Did you base Michael Thomas (the lead character in vex, top pic) on anyone you know?
Brian: Not exactly. To me he’s more of an amalgamation of different people and things I saw during my brief stint as a high school history teacher.
Danny: As Brian said, Michael Thomas isn’t based on any one person. He’s more of a compilation of a lot of people we’ve each observed throughout life. The “jock” thing was just one of those stereotypes that worked for the purpose of telling the story. For the most part, I didn’t really have issues with the jocks in high school. I had some buddies on the basketball and football teams. But I can definitely see some similarities between Michael Thomas and some of the soccer jocks in high school.

deputy_witch
Deputy Witch is still quite new. How far ahead do you work and do you know how it will all end yet?

Brian: We’re about a month ahead, maybe a little more, as far as pages go, but we’ve mapped out the entire story. All the acts and chapters and key events are there, it’s just a matter of getting the pages produced. With Vex we had the whole book done before putting it online, having Deputy Witch on a schedule forces us to keep up a certain production rate.
Danny: We are currently roughly eight pages ahead of what is online as far as completed pages go. We know exactly how Deputy Witch will end as well as the events that will take place to get to us that end. Every piece of the story that we write is approached from a standpoint of how it will get from one point in our outline to the next as well as to our end game..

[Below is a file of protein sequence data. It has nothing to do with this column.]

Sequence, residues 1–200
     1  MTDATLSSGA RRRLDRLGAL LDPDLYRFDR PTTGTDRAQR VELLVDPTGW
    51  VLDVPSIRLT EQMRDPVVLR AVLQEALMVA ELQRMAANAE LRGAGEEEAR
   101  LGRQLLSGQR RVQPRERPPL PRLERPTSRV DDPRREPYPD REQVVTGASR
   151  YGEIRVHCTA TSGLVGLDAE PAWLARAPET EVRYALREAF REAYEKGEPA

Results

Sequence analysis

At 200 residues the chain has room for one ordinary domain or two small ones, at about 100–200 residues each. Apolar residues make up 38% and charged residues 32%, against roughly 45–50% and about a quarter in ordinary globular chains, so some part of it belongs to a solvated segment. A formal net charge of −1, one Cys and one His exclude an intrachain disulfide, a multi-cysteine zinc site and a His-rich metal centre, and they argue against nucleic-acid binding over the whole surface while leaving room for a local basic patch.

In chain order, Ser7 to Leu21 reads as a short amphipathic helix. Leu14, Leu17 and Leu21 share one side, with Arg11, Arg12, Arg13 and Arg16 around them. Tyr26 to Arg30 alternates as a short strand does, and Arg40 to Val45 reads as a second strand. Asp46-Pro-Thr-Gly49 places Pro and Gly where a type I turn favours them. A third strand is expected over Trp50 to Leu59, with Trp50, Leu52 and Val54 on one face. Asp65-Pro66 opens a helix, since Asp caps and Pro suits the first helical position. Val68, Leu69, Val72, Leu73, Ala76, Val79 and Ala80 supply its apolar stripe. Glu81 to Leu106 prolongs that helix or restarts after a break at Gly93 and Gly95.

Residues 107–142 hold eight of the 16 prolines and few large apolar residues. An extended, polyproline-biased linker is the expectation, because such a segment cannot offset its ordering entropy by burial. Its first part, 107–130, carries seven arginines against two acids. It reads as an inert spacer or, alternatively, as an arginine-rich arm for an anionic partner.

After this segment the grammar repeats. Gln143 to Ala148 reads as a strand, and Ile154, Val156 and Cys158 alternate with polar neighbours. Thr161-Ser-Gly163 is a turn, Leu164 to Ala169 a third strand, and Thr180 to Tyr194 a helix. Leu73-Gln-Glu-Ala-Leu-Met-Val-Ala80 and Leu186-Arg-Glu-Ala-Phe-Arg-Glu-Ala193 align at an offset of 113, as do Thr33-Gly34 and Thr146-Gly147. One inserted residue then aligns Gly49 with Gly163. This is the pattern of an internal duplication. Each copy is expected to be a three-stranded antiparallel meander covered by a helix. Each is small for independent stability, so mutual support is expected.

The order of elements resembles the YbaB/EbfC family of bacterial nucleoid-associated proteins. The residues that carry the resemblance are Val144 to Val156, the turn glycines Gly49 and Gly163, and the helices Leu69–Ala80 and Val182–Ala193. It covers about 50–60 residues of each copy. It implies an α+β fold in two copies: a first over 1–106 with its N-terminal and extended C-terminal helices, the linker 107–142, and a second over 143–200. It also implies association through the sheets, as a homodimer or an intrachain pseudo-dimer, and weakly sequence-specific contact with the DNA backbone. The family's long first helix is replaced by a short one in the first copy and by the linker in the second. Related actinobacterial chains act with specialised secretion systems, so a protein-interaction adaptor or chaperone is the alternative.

What’s coming up, do you have any more comics / ideas in the pipeline?
Brian: We have ideas for quite a few books. We know which two will be next, we’ll just need to see which ones after that look like they’re fleshed out enough to be next in line. Basically we’ve got enough to keep us going for the next 5 or 6 years. The goal is to do at least one a year.
Danny: We maintain a list of about a dozen ideas for potential future stories. As Brian said, we already know what our next two stories are going to be and have already begun talking some of the details.

Look out for more from Brian and Danny in the future. Here are the links to their current stories.
Vex and Deputy Witch
Word of advice if you start reading, start from the beginning… and Enjoy!
All images © copyright Mental Cat productions 2010

Editor of Flush the Fashion and Flush Magazine. I love music, art, film, travel, food, tech and cars. Basically everything this site is about. You can follow me on Twitter HERE or on Instagram HERE

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  • […] Fashion, an online magazine that discusses music, film, gaming, and more, uses their platform to interview several artists and illustrators on how they create their art, what inspires them, and most importantly, where people can find their […]